How the immune system discriminates between self and non-self and establishes and maintains unresponsiveness to self has been a key issue in immunology since the proposition of the clonal selection theory . The contribution of regulatory (or suppressor) T cells (Treg) or even their existence as a cellular entity has been controversial until recently, mainly because of the lack of a reliable marker to identify them and the ambiguity of their functions at the molecular level . Research in the last years has discovered several cell surface markers that could operationally differentiate Treg from other T cells [31, 32]. Recently, FoxP3, a transcription factor of the forkhead/winged-helix family, has been identified as a very specific marker of Treg cells [33,34,35,36]. FoxP3+ Treg cells have been shown to be essential for the induction and maintenance of self-tolerance and prevention of T-cell-mediated autoimmunity [36,37,38]. In healthy humans, this population accounts for 5–10% of the peripheral CD4+ T cells. Alterations in the number of Treg cells in the peripheral blood have been reported in various immune disorders, some of them associated with PAH, and cancer [39,40,41,42,43,44,45]. Whereas Treg cells were found to be qualitatively and/or quantitatively deficient in many autoimmune diseases (e.g., multiple sclerosis, graft versus host disease, systemic lupus erythematosus, type I diabetes or rheumatoid arthritis) [46,47,48,49], they have been shown to be increased in some tumors and infections [41, 42, 45, 46, 50, 51]. The aim of the present study was to investigate peripheral blood T lymphocyte subsets with emphasis on Treg cells in IPAH compared with healthy controls in the hope of elucidating one step toward a better understanding of the role of the immune system in human PAH.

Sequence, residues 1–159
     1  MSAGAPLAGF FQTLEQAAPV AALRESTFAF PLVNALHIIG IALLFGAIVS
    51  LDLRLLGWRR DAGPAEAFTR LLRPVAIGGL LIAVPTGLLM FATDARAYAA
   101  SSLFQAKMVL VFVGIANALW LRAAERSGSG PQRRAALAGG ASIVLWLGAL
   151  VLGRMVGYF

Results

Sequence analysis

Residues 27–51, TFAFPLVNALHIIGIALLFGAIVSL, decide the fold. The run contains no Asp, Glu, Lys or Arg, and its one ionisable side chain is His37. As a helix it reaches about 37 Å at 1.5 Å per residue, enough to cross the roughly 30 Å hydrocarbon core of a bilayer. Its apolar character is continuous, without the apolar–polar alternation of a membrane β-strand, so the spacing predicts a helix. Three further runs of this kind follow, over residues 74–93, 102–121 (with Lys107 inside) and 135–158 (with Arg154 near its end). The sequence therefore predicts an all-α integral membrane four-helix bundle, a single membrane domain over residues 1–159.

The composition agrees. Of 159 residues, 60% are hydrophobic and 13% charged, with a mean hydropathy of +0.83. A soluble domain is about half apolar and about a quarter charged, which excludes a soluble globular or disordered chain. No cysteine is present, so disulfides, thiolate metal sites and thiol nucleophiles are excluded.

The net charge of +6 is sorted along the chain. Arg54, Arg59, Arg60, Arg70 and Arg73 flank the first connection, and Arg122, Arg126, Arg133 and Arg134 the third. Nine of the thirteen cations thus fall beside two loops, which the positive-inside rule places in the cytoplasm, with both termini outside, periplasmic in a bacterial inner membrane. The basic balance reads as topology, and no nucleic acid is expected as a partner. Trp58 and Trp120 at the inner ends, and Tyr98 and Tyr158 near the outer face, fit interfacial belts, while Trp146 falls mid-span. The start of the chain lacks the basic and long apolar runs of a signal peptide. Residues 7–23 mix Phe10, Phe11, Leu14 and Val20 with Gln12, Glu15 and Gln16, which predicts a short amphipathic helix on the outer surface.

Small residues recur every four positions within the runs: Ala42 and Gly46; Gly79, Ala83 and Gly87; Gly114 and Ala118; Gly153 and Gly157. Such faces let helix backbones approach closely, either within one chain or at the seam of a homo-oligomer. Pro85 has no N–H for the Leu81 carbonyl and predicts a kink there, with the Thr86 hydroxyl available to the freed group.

Material and Methods